Here is what Jazz Giants says about Hank Mobley:
Mobley began playing tenor saxophone as a New Jersey teenager and gained experience in the bands of Max Roach and Dizzy Gillespie and was a founding member of the original Jazz Messengers. Mobley helped inaugurate the hard bop movement: jazz that balanced sophistication and soulfulness, complexity and earthy swing, and whose loose structure allowed for extended improvisations. Mobley’s solo lines were full of intricate rhythmic patterns that were delivered with spot-on precision, and he was no slouch harmonically either.
Hank Mobley played a sweet tenor. He could play – and often played – r&b-tinged jazz; indeed, along with trumpeter Lee Morgan he became one of the foremost practitioners of this paleo-fusion in the Fifties and Sixties. But he was not a hooting, booting, keening, screaming r&b artist. Instead, he built his solos with an easygoing inexorability. (Continue Reading…)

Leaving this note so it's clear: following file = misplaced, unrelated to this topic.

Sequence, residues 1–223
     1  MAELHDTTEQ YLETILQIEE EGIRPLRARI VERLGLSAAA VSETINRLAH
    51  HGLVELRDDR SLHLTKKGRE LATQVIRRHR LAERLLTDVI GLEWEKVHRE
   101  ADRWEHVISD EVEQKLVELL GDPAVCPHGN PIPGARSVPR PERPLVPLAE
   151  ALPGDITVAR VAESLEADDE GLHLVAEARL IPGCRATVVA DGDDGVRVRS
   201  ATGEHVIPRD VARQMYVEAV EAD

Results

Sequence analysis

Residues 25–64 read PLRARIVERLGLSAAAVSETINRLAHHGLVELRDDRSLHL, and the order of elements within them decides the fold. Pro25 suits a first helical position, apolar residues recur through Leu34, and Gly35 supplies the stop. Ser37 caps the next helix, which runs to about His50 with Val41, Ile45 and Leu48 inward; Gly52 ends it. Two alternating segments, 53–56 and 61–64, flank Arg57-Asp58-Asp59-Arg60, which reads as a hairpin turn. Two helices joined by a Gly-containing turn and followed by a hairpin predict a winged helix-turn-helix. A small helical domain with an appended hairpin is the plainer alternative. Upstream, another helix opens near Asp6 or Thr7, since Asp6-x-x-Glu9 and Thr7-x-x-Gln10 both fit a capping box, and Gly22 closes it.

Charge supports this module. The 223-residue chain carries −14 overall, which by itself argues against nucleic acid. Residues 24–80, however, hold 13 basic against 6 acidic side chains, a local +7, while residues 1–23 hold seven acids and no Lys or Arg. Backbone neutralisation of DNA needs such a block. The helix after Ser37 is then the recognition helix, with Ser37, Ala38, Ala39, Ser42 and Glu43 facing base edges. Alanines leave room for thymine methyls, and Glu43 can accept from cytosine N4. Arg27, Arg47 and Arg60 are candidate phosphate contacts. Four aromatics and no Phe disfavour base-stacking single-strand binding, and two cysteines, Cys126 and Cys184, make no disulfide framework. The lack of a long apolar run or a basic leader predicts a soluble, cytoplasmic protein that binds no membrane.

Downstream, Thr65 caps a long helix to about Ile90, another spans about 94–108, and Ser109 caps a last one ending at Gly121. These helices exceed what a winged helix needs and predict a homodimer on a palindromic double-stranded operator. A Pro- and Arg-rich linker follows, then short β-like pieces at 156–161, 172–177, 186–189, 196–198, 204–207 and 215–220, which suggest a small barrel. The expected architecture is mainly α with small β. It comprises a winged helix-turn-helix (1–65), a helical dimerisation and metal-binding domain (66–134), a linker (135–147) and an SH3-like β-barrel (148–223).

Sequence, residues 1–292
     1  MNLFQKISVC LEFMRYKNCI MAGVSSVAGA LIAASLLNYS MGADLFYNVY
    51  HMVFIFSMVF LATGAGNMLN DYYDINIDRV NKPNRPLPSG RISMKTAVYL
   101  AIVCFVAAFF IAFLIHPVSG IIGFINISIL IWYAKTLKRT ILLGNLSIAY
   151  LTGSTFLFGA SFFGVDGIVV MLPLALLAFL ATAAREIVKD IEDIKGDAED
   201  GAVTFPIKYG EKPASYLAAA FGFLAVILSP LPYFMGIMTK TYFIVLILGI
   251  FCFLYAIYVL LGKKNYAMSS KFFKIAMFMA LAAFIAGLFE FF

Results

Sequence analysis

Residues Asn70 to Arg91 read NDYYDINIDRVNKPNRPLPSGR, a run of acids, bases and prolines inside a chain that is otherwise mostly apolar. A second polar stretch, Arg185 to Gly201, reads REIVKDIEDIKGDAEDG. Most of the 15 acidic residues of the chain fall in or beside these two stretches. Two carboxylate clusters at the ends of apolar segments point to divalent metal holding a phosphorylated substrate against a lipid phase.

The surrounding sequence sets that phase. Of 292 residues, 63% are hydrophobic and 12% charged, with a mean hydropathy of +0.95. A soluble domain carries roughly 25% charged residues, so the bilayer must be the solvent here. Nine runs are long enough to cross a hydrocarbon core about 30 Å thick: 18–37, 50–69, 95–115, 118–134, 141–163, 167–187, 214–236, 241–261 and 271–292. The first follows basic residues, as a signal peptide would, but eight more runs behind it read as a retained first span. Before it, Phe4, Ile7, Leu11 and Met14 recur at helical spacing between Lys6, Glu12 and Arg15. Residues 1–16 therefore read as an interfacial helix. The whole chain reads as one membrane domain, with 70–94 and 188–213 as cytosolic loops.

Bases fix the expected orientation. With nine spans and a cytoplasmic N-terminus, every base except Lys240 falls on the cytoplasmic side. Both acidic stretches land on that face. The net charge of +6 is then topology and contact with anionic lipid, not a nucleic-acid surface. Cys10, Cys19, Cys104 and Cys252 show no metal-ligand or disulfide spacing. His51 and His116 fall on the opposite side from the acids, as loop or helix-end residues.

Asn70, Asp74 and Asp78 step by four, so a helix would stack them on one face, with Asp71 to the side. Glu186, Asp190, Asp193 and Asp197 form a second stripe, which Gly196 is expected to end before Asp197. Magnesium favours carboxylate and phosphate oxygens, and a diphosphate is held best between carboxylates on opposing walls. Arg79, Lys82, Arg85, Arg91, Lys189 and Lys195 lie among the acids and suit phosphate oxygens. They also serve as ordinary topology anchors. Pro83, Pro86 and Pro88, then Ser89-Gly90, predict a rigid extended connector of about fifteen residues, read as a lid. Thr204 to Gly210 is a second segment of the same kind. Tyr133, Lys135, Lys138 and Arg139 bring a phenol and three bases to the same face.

The personnel on “Soul Station” (and probably “This I Dig of You”), according to YouTube: Hank Mobley (tenor saxophone); Wynton Kelly (piano); Paul Chambers (bass) and Art Blakey (drums).
Mobley was by all accounts an under-the-radar genius. “Soul Station” is the title track from what appears to be his most influential album. “This I Dig of You” also is on the record. It was released in 1960. Mobley was a hard bop player. The most famous musician from of that genre was Horace Silver. Check out “Song for My Father.” If you like Steely Dan, listen closely to the first few seconds.